I move: "That the Bill be now read a Second Time".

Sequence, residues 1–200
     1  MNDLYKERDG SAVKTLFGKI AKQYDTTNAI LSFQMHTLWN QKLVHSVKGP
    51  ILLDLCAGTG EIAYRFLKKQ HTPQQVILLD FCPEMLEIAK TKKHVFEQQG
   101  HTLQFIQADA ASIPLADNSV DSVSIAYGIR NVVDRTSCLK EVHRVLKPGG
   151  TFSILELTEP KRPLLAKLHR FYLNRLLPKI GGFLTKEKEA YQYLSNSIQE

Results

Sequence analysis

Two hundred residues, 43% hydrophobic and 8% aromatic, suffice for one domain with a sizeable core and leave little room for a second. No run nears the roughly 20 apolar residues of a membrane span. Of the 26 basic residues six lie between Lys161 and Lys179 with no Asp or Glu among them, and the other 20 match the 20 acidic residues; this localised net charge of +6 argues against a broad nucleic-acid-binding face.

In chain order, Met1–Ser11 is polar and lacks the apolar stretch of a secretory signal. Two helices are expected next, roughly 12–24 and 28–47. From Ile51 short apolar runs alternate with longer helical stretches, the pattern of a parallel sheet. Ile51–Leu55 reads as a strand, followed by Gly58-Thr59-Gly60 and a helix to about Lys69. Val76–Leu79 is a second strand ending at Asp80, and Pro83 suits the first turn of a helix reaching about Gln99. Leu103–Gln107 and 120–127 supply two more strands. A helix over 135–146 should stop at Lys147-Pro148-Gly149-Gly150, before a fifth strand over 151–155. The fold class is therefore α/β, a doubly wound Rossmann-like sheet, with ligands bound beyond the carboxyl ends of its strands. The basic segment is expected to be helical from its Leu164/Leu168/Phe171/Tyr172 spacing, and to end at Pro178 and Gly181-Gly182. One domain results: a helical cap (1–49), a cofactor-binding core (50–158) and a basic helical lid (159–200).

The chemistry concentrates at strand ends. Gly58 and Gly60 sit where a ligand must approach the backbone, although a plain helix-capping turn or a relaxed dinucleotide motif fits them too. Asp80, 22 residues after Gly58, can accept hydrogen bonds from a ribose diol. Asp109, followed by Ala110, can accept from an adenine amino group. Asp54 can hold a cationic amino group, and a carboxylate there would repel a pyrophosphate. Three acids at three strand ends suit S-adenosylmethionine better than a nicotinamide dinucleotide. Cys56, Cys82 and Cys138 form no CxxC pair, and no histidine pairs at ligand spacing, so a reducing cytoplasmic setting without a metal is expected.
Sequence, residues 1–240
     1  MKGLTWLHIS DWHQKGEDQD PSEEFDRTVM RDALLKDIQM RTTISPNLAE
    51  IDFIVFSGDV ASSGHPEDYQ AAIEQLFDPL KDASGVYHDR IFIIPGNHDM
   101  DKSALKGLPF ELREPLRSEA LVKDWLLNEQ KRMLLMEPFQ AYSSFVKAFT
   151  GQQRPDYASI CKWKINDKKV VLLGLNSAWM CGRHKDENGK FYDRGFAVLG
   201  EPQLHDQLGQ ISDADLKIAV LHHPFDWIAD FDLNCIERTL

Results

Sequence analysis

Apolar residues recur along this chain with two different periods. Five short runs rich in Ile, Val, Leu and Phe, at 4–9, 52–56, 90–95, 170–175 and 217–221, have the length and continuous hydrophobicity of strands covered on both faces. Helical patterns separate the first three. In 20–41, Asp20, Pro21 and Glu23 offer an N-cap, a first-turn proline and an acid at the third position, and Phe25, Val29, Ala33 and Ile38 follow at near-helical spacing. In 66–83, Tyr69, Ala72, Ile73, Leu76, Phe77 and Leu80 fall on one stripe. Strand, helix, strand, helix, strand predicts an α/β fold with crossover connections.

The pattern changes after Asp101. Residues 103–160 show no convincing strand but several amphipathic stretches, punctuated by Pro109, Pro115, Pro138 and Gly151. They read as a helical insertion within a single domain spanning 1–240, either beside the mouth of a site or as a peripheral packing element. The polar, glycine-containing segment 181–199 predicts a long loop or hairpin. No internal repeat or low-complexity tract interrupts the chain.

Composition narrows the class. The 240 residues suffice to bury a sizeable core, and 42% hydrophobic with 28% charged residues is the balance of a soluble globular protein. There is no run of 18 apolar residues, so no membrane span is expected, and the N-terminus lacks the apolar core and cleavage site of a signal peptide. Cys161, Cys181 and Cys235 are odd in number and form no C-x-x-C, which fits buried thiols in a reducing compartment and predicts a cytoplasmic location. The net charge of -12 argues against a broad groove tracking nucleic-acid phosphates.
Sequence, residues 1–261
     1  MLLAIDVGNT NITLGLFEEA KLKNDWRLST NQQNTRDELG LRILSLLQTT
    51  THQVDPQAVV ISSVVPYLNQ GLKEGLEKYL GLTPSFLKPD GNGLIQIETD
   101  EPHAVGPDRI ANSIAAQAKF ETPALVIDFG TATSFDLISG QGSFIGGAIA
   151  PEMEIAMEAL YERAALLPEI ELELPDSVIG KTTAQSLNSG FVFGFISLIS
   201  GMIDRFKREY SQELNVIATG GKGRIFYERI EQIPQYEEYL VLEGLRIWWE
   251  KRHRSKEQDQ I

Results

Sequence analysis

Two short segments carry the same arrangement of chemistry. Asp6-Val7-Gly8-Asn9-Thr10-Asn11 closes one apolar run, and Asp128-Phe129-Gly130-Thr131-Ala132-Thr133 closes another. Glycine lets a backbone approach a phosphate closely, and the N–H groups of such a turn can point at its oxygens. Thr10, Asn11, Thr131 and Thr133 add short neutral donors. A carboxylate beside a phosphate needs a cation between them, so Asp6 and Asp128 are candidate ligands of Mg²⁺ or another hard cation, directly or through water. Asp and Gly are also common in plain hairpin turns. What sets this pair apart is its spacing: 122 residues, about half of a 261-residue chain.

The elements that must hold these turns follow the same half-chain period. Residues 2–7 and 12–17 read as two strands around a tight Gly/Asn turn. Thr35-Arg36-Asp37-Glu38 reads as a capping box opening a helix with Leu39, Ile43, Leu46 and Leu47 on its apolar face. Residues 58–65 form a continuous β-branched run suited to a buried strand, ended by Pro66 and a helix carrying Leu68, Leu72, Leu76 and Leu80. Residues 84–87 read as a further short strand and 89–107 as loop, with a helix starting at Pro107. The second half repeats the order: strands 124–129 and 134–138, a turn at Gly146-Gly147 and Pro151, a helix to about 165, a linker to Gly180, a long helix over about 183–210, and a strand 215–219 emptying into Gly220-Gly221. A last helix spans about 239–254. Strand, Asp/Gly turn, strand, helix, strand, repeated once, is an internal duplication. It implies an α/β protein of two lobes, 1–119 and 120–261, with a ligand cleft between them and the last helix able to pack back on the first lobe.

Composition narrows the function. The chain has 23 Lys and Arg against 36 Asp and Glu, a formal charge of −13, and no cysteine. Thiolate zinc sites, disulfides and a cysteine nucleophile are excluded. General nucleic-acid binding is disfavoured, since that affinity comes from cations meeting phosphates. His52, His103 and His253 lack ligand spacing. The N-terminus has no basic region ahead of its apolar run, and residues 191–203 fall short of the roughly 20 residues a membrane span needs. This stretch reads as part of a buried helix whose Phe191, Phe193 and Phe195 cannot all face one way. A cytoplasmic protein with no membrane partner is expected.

The Government supports this Bill which was originally tabled as a Private Members' Bill in the Seanad. It contains proposals to amend the Landlord and Tenant (Ground Rents) (No. 2) Act 1978 to facilitate the acquisition of freehold title to their properties by ground rent tenants. The Government’s strong support for the Bill is evident in the tabling of the Bill in Government time this evening. I thank Senators Gallagher, Swanick and Ardagh for introducing this Bill in the Seanad. The Bill seeks to address the effects of a Supreme Court decision in a case in Carrickmacross, County Monaghan, which has repercussions throughout the country. I acknowledge the presence here this evening of a number of people from Carrickmacross. In particular I acknowledge the work of Mr. Pat Byrne, Mr. Tony Donagher and Mr. Michael Fisher in highlighting this important matter.